• Agoraphobia. Fear of being trapped in a position where getting out is difficult, such as an elevator or a moving train. Many individuals mistake this phobia for a fear of the outdoors. Here’s all you need to know about agoraphobia.

Phobias are quite personal, and doctors aren’t familiar with all of them. There could be thousands of phobias, and what one person considers strange may be a serious condition that consumes everyday life for another.

Post-traumatic stress disorder (PTSD)

After experiencing or witnessing a highly stressful or traumatic event, PTSD can develop.

The person believes that their or other people’s lives are in jeopardy during this type of incident. They may be scared or believe they have no control over what is going on.

Trauma and fear experiences may then contribute to PTSD.

Learn how to spot PTSD and how to deal with it.

Obsessive-compulsive disorder (OCD)

Obsessions and compulsions are common among people with OCD. In other words, they have a strong need to conduct repetitive actions, such as hand washing, and they have persistent, anxious thoughts.

Learn more about OCD by clicking here.

Mood disorders

Mood disorders are sometimes known as affective disorders or depressive disorders.

People with these diseases experience major variations in mood, with mania (a period of high energy and elation) or depression (a period of low energy and elation) being the most common. Mood disorders include the following:

  • Major depression. Characterised by a persistently poor mood and a loss of interest in previously appreciated activities and events. They can be unhappy for lengthy periods of time or be extremely sad.
  • Bipolar disorder. Characterised by unusual variations in a person’s mood, energy level, level of activity, and capacity to function in daily life. Manic phases are characterised by high mood, whilst depressed phases are characterised by low mood. Here’s additional information about the many types of bipolar disorder.
  • Seasonal affective disorder (SAD). A type of significant depression triggered by reduced daylight stimuli throughout the fall, winter, and early spring months. It’s most common in countries that aren’t close to the equator. Here’s where you can learn more about SAD.

Schizophrenia disorders

Authorities in the field of mental health are still debating whether schizophrenia is a single sickness or a collection of illnesses. It’s a complicated situation.

According to the National Institute of Mental Health, schizophrenia symptoms usually appear between the ages of 16 and 30. The person’s thinking will appear jumbled, and they may find it difficult to process information.

Schizophrenia manifests itself in both bad and good ways. Delusions, thinking disorders, and hallucinations are all positive indications. Withdrawal, a lack of motivation, and a flat or unsuitable mood are all negative effects.

Here’s where you can learn more about schizophrenia.

Early Warning Signs

There is no reliable physical test or scan that can determine whether or not someone has developed a mental disorder. However, the following are probable indications of a mental health condition that people should be aware of:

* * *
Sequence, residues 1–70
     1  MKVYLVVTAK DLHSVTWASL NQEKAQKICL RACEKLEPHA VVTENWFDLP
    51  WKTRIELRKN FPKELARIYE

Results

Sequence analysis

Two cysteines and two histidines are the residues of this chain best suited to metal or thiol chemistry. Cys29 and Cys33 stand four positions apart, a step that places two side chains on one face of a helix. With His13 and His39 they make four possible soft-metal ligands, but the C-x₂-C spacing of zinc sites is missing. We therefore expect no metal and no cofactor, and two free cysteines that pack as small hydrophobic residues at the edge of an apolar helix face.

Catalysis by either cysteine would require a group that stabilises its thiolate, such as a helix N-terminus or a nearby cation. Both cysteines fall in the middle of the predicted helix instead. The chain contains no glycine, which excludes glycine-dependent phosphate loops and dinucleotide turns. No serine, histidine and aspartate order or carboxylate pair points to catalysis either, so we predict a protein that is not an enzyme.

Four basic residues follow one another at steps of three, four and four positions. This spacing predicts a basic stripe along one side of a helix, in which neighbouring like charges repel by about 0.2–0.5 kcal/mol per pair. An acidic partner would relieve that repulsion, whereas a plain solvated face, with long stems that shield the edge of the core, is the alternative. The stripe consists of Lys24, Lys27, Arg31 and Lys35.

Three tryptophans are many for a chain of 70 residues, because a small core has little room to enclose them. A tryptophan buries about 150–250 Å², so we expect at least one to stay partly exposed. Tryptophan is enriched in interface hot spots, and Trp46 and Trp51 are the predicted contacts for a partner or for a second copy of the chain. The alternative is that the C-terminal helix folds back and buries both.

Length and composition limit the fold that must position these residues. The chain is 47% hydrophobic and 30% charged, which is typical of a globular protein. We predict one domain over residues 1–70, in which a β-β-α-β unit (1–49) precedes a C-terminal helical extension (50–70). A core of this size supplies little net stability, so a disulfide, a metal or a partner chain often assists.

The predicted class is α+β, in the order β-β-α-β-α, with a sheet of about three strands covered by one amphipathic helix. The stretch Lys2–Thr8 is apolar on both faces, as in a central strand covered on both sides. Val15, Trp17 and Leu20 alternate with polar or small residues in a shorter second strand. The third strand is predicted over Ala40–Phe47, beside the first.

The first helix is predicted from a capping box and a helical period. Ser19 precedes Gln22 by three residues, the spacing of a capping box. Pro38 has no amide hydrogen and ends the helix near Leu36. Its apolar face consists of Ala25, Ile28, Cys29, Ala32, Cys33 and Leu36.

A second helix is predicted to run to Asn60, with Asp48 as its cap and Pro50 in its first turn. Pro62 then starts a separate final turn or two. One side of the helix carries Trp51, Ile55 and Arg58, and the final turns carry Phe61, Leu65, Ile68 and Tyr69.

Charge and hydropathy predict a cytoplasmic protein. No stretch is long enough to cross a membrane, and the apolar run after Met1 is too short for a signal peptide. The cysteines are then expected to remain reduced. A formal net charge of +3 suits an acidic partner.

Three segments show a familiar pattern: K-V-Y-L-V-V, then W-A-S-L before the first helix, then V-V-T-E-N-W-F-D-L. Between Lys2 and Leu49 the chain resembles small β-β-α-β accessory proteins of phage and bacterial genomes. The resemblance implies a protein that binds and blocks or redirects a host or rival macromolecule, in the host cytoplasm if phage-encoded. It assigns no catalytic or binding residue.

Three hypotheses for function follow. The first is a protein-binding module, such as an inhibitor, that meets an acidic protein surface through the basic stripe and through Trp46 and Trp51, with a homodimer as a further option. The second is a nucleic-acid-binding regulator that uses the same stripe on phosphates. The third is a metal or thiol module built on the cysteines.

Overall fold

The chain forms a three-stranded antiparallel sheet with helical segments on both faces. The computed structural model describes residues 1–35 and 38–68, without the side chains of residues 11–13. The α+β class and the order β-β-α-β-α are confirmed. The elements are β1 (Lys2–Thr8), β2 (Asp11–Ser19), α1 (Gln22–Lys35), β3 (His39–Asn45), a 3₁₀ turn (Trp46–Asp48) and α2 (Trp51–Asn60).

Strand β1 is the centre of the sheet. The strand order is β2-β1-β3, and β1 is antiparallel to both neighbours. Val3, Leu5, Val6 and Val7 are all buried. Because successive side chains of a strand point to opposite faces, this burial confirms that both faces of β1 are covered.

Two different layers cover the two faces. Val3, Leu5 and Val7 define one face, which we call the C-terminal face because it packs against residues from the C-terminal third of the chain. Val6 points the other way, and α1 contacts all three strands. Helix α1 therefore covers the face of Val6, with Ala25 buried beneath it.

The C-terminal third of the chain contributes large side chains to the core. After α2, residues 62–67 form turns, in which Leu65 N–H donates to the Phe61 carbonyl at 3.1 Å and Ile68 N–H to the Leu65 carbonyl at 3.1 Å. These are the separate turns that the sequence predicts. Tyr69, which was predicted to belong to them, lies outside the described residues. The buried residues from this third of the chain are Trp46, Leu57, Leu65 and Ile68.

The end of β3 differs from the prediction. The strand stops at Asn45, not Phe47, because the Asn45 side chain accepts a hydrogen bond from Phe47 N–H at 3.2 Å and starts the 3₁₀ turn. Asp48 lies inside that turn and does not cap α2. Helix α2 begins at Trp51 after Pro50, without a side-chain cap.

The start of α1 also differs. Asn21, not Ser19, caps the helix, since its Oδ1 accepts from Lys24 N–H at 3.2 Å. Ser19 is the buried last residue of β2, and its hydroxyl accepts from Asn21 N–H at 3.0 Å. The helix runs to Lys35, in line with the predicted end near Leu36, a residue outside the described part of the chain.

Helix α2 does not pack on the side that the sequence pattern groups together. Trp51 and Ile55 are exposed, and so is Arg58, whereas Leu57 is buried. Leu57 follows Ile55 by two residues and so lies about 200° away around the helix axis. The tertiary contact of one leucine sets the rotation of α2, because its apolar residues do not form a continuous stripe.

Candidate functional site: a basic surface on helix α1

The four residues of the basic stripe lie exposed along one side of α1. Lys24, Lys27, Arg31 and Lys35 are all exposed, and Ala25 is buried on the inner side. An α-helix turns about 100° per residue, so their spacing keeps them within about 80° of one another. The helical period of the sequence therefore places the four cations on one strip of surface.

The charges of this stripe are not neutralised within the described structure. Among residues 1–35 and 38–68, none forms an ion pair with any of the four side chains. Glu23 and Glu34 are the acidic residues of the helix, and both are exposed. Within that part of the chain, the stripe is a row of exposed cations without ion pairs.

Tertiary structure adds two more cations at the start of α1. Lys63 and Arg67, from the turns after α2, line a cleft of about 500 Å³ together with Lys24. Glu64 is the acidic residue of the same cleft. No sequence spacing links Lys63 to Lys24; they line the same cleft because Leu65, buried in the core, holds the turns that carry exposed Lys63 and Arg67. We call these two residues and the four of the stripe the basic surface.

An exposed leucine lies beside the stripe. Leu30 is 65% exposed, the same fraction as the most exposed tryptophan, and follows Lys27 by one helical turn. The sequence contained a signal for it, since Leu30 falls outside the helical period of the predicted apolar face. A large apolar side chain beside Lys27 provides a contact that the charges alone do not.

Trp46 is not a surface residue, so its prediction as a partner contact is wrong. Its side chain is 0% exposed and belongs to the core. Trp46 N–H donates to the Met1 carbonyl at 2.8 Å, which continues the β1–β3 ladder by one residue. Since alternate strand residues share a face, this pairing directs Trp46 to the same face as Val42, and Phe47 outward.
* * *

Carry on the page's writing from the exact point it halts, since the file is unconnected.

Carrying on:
• Avoiding contact with friends, family, and co-workers
  • They are avoiding activities that they would otherwise like.
  • Too much or too little sleep
  • Too much or too little food
  • Feeling despondent
  • Having low energy levels on a regular basis
  • Using mood-altering substances such as alcohol and nicotine on a more regular basis
  • Expressing negative feelings
  • Being perplexed
  • Being unable to perform daily duties such as getting to work or preparing a meal
  • Persistent thoughts or recollections that resurface on a frequent basis
  • Considering harming yourself or others physically
  • Hearing voices
  • Experiencing delusions

Treatment

There are several approaches to dealing with mental health issues. Treatment is very personalised, and what works for one person may not work for the next.

Some techniques or treatments work better when used in tandem with others. At different points in their lives, a person with a persistent mental illness might pick from a variety of options.

The person must work closely with a doctor who can assist them in identifying their requirements and providing appropriate therapy.

The following are some examples of treatments:

Psychotherapy, or talking therapies

This style of treatment approaches mental illness from a psychological standpoint. Examples include cognitive behavioural therapy, exposure treatment, and dialectical behaviour therapy.

This sort of treatment is provided by psychiatrists, psychologists, psychotherapists, and some primary care providers.

It can assist patients in recognising the source of their mental illness and beginning to develop more healthy thought patterns that support daily living while reducing the danger of isolation and self-harm.

Here’s where you can learn more about psychotherapy.

Medication

Antidepressants, antipsychotics, and anxiolytics are among the medications administered to some persons.

While these medications cannot cure mental problems, they can help a person improve their symptoms and resume social contact and a normal schedule while they work on their mental health.

Some of these drugs act by increasing the body’s absorption of feel-good chemicals from the brain, such as serotonin. Other medications either increase the total levels of these compounds or stop them from degrading or being destroyed.

Learn more about antidepressant medicines by clicking here.

Self-help

A person coping with mental health difficulties will usually need to make changes to their lifestyle to facilitate wellness.

Such changes might include reducing alcohol intake, sleeping more, and eating a balanced, nutritious diet. People may need to take time away from work or resolve issues with personal relationships that may be causing damage to their mental health.

People with conditions such as anxiety or depressive disorder may benefit from relaxation techniques, which include deep breathing, meditation, and mindfulness.

Having a support network, whether via self-help groups or close friends and family, can also be essential to recovery from mental illness.

Suicide prevention

If you know someone who is at risk of self-harm, suicide, or harming another person, take the following steps:

  • Are you thinking about suicide?” asks the harsh question.
  • Listen to the other person without passing any judgement.
  • Contact a certified crisis counsellor, dial 999 or call Samaritans on 116123.
  • Keep an eye on the person until expert assistance arrives.
  • Remove any weapons, pharmaceuticals, or other potentially dangerous items from the area.

More local resources and links can be found by clicking here.